Yasmine Zong is immersed in Elysium Theatre Company’s professional production of Playland at the City Theatre, on the Durham run of their northern tour.

Despite the historical colonial connection, and the international attention given to the end of the apartheid regime only twenty-five years ago, South Africa and its turbulent history feels remote and far removed in today’s northeast England. Thus Elysium Theatre’s new production, Playland, portraying dialogues between white veteran soldier Gideon Le Roux and black ex-convict Martinus Zoeloe, on the New Year’s Eve of 1989 in South Africa, felt immensely eye-opening and insightful. Audiences were taken through a journey through a country’s dark past, experiencing complex human emotions, immersing themselves in a story of brutality, oppression, sin, anger, and eventually of understanding and hope of redemption, led all the way by a powerful interpretation and stimulating actions.

The stage design and technical teams deserve great credit for the overall effect achieved. True to Director Jake Murray’s conviction to ‘bringing to the audience another world’, the stage was transformed into a realistic corner of a late ’80s South African funfair, with hanging light bulbs, huge trash bins, bottles of wine scattering around, and the watchman’s old car with his makeshift kitchen stove. The floor was covered by dirt-red mats, creating the illusion of actors standing on the fabled red earth of South Africa. The funfair broadcaster’s colourful voice (played by Graham Eaglesham) announcing winners of lottery and the shifting light signifying fireworks in the sky further enhanced the atmosphere. Putting all of these in the small venue of the City Theatre, the audience felt like we were observing activities at this funfair’s corner intimately, close enough to smell the cigarettes Gideon was smoking. The moment the play started, a door towards a faraway land and to buried past had opened on stage.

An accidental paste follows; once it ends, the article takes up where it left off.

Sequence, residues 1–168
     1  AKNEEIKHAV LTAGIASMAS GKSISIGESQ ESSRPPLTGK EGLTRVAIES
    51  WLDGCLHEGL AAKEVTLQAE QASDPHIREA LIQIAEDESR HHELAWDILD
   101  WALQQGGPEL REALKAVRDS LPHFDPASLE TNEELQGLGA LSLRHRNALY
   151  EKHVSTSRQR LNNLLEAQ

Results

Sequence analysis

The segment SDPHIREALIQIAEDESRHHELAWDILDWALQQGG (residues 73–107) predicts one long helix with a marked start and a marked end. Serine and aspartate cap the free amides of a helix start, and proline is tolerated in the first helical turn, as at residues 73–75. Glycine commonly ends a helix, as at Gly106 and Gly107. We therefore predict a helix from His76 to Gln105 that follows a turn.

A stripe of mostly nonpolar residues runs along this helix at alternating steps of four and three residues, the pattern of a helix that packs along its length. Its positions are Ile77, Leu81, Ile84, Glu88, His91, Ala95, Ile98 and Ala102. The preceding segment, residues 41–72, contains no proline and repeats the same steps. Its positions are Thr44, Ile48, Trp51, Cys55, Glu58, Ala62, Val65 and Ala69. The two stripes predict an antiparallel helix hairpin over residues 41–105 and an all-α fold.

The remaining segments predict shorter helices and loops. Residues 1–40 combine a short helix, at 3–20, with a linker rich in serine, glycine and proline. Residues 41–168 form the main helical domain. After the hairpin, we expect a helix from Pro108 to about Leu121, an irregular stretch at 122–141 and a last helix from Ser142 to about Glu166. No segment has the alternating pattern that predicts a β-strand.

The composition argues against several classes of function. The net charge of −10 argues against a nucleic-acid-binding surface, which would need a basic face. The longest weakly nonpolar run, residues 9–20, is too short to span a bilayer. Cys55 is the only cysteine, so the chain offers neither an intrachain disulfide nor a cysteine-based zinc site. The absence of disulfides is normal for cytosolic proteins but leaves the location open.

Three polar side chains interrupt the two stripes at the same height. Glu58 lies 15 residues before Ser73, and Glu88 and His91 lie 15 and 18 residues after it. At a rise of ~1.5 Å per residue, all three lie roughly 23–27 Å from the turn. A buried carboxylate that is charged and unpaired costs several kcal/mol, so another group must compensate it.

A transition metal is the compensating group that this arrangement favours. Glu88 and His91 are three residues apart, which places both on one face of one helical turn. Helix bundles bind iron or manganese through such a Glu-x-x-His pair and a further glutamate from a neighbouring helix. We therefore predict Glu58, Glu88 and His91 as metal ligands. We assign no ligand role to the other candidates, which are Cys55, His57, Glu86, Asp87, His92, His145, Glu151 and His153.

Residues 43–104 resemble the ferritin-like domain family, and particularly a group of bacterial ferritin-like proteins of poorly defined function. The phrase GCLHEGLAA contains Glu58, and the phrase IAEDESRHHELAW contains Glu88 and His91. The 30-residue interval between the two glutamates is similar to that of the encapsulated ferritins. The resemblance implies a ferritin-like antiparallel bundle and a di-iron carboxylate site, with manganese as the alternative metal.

Given that Playland is a two-man show, its success relied heavily on its two actors; both Danny Solomon and Faz Singhateh rose admirably to the challenge. Both drama-school graduates with years of experience behind them, they have collaborated extensively with Jake Murray before, and both portrayed their characters with determination and energy. Solomon’s portrayal of trauma and self-loathing disguised with care-free flamboyance was particularly memorable, especially as Gideon gradually cast off his cover to reveal vulnerability and doubts. Singhateh on the other hand was far more restrained, mainly in order to show the great contrast between the pair, as his character in turn buried his inner darkness under stoic endurance and simple religious conviction, although one did somehow feel like his interpretation could be more varied and present more ambiguity, the emotions revealed could also be stronger when approaching the climax of the play. The two characters’ interactions were charged with tensions and clashes, the chemistry onstage filled the room much more than one would expected for a two-man show, despite several moments when one felt the changes in their relationship and emotions could run less abruptly, as there were times when the change from hatred to understanding may not be ideally convincing. But then the performance of the two actors as a whole were so captivating that defects or small inconsistencies were hardly felt.

Despite the distance between the play’s setting and our own, the message of forgiveness and hope is increasingly relevant today, and the process of reaching reconciliation with one’s past moved people’s heart regardless of time and location. In the political turmoil of today, it is more and more important to admit one’s own guilt, to understand and forgive each other, and to unite together in hope of a better future. In this sense, Playland is a play that everyone should see, and Elysium’s production had done the story justice.

Image by Elysium Theatre Company

25th October 2019